It sounds daunting, and it can be, but the best advice here is to just communicate with your audience. Start slow (if necessary) and build up your confidence from there. Involve those interested in what you’re creating via social media and build off of that.
Creating a Discord to interact and communicate about game info is a great start. If you share your Discord community enough via social media, interact with those who are apart of it, and update the community, the community will take on a life of its own. Foster this growth and you’ll start to see those involved become your biggest advocates for your game.
A strong community can help create genuine excitement across different communities and discussions, creating more natural awareness than a press release or stale update.
It’s super important to keep in mind that many people who might be fans of your work are excited about other games as well. They’re also likely to be a part of different Discords, website readerships, streamer communities, and forums. That type of potential for cross-pollination is SO valuable in the long run in creating awareness and excitement for your project.
Make it Tangible
What’s the most interesting aspect of your game? Is it possible to give people a snippet of this feature? Yes? Go for it then.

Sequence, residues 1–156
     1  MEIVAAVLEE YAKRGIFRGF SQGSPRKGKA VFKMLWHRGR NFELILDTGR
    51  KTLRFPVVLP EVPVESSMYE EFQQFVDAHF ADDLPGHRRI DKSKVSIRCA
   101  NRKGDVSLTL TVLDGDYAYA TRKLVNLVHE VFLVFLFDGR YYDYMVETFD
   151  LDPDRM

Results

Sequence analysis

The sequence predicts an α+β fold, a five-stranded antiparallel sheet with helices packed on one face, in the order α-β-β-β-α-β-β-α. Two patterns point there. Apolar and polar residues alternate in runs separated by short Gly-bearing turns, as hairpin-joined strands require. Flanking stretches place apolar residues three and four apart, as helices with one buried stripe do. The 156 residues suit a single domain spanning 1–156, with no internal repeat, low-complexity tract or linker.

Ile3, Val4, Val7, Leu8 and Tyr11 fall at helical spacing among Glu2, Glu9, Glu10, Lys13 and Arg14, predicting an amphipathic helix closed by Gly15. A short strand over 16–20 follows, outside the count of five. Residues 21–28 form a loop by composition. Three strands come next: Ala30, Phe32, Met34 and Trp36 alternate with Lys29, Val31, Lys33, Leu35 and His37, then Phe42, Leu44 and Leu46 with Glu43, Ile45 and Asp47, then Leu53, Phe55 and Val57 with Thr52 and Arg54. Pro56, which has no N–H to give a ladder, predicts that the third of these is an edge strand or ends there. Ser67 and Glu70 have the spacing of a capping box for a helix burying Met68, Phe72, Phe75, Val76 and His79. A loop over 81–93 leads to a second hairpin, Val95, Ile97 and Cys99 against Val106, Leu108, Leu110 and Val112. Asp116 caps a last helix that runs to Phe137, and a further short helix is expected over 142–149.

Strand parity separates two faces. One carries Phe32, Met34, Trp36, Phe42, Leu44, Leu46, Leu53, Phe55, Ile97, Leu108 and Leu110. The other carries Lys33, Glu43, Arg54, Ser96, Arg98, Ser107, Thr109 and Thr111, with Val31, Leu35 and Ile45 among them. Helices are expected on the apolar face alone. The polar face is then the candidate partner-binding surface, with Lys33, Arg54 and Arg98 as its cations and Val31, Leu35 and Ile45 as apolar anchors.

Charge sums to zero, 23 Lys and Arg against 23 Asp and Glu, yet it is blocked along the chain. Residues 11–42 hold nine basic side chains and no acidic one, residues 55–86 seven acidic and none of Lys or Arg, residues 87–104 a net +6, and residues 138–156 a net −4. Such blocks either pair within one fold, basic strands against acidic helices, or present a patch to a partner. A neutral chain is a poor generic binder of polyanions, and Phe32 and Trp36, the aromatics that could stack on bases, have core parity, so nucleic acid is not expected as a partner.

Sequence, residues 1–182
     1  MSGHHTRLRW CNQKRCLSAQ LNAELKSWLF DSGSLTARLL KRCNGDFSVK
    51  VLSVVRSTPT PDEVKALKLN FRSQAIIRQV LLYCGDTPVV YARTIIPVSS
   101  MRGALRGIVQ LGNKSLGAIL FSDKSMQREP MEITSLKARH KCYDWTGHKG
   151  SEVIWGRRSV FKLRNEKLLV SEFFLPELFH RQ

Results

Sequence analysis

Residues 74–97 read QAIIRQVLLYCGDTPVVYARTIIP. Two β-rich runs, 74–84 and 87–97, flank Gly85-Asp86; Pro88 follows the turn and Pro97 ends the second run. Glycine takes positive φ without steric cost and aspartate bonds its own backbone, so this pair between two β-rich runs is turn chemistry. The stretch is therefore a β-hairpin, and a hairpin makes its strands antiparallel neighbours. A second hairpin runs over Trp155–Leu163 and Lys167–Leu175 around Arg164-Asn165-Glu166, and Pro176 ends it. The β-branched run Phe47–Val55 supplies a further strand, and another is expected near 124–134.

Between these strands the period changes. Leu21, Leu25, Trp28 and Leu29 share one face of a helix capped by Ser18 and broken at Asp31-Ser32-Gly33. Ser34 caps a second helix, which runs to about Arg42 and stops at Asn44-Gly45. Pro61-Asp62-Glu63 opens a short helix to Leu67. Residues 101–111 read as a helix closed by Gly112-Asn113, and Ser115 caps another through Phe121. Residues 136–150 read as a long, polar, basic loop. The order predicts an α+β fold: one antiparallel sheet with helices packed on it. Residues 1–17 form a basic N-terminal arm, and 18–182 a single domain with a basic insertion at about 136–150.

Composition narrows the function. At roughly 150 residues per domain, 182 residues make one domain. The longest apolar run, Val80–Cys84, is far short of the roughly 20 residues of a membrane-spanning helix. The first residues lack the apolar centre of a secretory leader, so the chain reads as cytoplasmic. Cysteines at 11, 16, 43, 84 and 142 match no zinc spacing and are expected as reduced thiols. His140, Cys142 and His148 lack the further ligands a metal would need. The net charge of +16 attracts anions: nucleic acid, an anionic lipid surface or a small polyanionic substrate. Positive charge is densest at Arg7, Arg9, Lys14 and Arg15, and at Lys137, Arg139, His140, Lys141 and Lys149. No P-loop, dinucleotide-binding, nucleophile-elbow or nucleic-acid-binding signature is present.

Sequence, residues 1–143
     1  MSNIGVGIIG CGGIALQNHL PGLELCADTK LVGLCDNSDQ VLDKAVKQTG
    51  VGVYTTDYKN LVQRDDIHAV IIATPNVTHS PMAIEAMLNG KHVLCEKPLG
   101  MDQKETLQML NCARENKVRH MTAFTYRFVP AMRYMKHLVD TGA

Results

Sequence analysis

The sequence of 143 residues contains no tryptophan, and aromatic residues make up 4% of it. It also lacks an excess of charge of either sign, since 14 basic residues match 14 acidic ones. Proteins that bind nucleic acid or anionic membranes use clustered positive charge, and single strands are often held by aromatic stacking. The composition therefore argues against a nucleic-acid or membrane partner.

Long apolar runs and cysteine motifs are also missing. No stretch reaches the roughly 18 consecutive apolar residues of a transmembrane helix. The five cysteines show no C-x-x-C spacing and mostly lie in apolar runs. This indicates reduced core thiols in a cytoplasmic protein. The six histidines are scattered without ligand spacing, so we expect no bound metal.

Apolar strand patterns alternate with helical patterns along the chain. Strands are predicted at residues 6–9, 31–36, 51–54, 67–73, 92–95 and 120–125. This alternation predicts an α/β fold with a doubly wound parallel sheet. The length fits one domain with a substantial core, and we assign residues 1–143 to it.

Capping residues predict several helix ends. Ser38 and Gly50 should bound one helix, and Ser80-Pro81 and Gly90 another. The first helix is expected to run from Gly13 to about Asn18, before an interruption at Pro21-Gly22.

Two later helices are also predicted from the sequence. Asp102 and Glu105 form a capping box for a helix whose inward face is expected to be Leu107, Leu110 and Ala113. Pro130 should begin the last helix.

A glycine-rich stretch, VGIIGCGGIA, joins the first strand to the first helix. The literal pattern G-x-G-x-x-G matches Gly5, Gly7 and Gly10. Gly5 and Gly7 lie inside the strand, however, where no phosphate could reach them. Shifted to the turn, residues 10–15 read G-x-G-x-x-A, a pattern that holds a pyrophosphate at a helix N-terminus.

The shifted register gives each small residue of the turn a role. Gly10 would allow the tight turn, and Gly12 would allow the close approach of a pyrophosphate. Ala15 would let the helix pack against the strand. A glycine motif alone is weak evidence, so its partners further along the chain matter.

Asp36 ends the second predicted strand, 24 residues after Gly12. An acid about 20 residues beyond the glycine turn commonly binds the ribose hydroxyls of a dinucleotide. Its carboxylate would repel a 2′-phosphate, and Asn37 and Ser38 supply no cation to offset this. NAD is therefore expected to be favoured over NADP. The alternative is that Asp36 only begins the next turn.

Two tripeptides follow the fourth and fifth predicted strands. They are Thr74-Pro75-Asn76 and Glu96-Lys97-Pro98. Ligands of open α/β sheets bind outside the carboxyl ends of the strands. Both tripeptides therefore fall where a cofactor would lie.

Create something that people can interact with and they’ll take a huge interest in your progress going forward. Show them the best of what you’ve got coming and create a loop where they’ll want to share that with people they know.
Jessica, my coworker, worked previously with Black Desert Online to create a character creator demo. The end result was nearly immaculate and extremely detailed. Suddenly, my feed was filled with designs and videos of fans’ creations. Finished products from real-life recreations to grotesquely beautiful abominations were popping up everywhere.
Black Desert Online broke through the noise, retained memory with the collective internet hive mind, and grew its fanbase all in the process.
This type of tactic was specific to Black Desert Online, but if you think about it, your game could play on some variation of this theme. Consider the main goal to be letting players interact with a loop from your game – the best aspect you can tangibly share. If it provokes a response and is shareable, people will want to talk about it.
Create a loop that starts with your core fans trying out this experience, enjoying it, sharing it and then repeat.